Guidance on Writing a Better Brag Sheet

Reporting seniors are charged with accurately documenting the performance of all members of their command. Reservists may encounter their reporting senior only once per month, sometimes less. To aid in the accurate recollection of a sailor’s contributions, all leaders (and sailors) should keep written, ongoing records of performance. These submissions are often referred to as “brag sheets.” Fitness reports (FITREPs) serve three functions: they document performance, provide feedback, and serve as basis for decisions by selection boards. Poor FITREP inputs are the inevitable result of last minute
recollections of the year’s contributions written in haste. FITREPs and OSR/PSR breakouts are the single,  most important element in promotion decisions made by boards.

Your best influence over that process is quality input. Early implementation of our current FITREP format in 1995-1997 often resulted in reports that provided a laundry list of actions with no qualification of the impact. Trying to interpret these reports still frustrates boards today. Today, the standard is to write concise, meaningful FITREPs that document what the sailor did, quantifies it, and shows the impact of the accomplishment. Long-winded narratives are difficult to read during boards. The preferred format is a series of short, concise statements called “bullets.” A poor bullet might be, “Served capably and superbly as AT coordinator,  completing all assigned tasks on time.” Remember the formula for bullets: it tells what the sailor did, quantifies it, and shows the impact. A better bullet might be, “Coordinated 50 simultaneous AT periods, enabling supported command to deploy to Iraq.” Write brag sheet inputs in this format. Condense final FITREP bullets down to their essence.

The first rule of a good brag sheet is that it starts the day after the last reporting period ends.  take it a working document that evolves and grows from month-to month. Take five minutes at the end of the last drill to write down the month’s accomplishments before heading for the parking lot. Consider using the NAVFIT98 software itself; the limited comment space in block 41 will provide the discipline to avoid writing too much. If you run out of room, discard the least important bullet. That way, your input gets better over time. When writing FITREPs, or even brag sheets, write for the board. Document actions that demonstrate why this person should be selected for promotion, or serve in a command billet, or receive a pay billet. A good question to ask when writing a bullet is “so what?” Is there a meaningful answer to that question? If not, leave it out. For example, “LCDR Bravo completed the PRT with a score of excellent (low).” So what? Would that influence a board to promote Bravo to CDR? Probably not. Leave it out.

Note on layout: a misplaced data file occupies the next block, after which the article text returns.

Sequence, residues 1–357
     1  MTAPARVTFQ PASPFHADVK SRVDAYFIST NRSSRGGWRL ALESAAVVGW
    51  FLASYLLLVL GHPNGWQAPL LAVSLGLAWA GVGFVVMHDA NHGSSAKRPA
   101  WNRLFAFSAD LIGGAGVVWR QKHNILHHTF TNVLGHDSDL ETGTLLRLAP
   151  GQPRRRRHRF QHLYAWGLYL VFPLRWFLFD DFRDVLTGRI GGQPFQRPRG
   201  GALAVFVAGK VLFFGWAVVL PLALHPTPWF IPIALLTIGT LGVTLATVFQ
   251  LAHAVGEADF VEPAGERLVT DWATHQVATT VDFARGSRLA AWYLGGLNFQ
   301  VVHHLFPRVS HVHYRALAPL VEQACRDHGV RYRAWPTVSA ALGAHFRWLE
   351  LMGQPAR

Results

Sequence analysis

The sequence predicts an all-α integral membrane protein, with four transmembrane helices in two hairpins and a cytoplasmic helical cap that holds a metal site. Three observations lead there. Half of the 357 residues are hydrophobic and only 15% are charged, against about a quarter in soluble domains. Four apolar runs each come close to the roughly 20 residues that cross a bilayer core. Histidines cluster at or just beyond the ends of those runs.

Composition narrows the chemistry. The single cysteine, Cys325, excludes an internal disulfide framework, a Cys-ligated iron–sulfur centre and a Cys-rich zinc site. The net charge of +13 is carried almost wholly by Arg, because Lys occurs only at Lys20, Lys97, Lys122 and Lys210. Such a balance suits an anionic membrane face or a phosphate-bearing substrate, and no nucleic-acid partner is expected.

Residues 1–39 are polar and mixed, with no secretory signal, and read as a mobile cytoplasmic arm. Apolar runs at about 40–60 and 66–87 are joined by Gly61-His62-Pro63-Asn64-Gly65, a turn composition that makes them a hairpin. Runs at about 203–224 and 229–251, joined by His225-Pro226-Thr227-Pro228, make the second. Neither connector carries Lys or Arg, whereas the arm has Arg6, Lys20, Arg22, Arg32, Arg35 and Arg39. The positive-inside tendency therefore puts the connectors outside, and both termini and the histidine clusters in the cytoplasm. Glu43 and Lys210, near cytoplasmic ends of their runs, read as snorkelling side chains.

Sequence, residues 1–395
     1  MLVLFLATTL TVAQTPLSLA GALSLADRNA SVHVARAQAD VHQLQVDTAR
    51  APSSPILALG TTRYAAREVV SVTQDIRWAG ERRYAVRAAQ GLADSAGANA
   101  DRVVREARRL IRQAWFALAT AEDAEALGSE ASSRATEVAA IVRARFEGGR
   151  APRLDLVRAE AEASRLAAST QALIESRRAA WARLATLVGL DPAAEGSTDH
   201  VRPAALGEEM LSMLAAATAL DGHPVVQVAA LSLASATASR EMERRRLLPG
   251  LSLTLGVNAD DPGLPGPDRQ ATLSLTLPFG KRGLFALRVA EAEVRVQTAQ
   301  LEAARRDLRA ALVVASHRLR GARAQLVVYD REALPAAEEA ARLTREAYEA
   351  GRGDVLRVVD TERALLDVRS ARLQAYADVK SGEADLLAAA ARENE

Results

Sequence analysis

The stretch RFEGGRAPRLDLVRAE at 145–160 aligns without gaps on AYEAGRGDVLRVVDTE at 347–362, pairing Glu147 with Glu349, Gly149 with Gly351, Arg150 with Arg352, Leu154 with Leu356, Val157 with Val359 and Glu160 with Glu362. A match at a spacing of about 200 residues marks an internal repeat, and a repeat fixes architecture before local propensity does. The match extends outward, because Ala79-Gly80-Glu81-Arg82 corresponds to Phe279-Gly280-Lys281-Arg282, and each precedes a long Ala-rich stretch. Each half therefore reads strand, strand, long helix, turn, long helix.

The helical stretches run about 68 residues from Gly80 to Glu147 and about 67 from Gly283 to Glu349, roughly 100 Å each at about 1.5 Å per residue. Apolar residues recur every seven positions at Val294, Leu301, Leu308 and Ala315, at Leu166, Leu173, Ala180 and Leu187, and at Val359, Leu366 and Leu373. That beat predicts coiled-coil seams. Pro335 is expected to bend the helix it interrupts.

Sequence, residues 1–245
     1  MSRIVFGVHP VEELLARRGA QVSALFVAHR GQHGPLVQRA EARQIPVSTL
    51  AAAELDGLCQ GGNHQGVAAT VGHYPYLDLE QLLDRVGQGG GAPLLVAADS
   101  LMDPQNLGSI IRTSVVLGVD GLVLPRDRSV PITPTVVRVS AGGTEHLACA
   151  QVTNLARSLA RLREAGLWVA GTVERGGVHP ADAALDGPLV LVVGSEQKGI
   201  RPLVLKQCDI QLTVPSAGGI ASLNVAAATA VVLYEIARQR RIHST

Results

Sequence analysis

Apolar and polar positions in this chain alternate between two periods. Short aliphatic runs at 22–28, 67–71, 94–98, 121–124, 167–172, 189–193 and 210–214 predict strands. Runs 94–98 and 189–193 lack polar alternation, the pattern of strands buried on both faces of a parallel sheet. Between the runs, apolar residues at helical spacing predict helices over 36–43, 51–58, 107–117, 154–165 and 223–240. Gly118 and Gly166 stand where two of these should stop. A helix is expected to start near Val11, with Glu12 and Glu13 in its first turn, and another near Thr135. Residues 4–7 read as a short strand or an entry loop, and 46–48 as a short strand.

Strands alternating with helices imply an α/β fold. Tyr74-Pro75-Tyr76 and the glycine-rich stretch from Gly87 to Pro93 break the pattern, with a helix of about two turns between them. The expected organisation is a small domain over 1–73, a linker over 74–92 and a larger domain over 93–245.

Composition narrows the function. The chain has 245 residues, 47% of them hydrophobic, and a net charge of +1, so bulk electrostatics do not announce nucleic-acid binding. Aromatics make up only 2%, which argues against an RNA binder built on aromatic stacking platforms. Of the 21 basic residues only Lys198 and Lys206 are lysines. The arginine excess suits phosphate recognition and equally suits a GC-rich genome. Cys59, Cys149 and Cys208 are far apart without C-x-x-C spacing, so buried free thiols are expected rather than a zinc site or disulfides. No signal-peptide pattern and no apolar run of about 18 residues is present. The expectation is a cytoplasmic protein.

Comments that help a board make promotion decisions are those that show demonstrated leadership and measurable results with a definite benefit – especially contributions to one’s supported command. Always put significant accomplishments from AT into a regular FITREP. Many boards don’t look carefully at AT FITREPs; many commands no longer provide them. A concern many sailors face is that they have to dig pretty deep to fill in a list of accomplishments for the year. Sometimes, they pile it pretty deep, too. “Fluff ” never promotes; nor do PRT results; nor 100 percent drill attendance; nor being in a church choir. If you haven’t done much so far this year, shame on you. Get busy, get to work, and start documenting. Reporting seniors should  resist the urge to fill white space with drivel. Boards will see through it and will lose respect for the writer. Use midterm counseling to document accomplishments to date, and get the reporting senior to endorse them in writing.

The final, signed FITREP becomes a matter of record, so ensure that you validate any claims. It is rumored that we could balance the federal budget every year with the aggregated cost savings claimed on FITREPs. Remember that brag sheets may route through several layers of unit management; allow sufficient time for Admin, XOs, and COs to prepare smooth FITREPs. Input submitted three months ahead of FITREP time nominally loses only six days of observation. If you anticipate additional significant accomplishments, leave space, and provide an update with the missing information. Entrepreneur Nido
Qubein reminds us that “garbage in, garbage out” isn’t exactly true. Rather, garbage in, garbage stays. Then it gets pregnant and gives birth to triplets. Anyone who has had a “bad” FITREP in his/her record knows this is true. The best way to avoid bad FITREPs is to deliver performance and to provide good, substantiated inputs in a timely fashion. Remember, your FITREP will influence your career long after your reporting senior has retired or forgotten about you. Make sure it is the very best possible.

 

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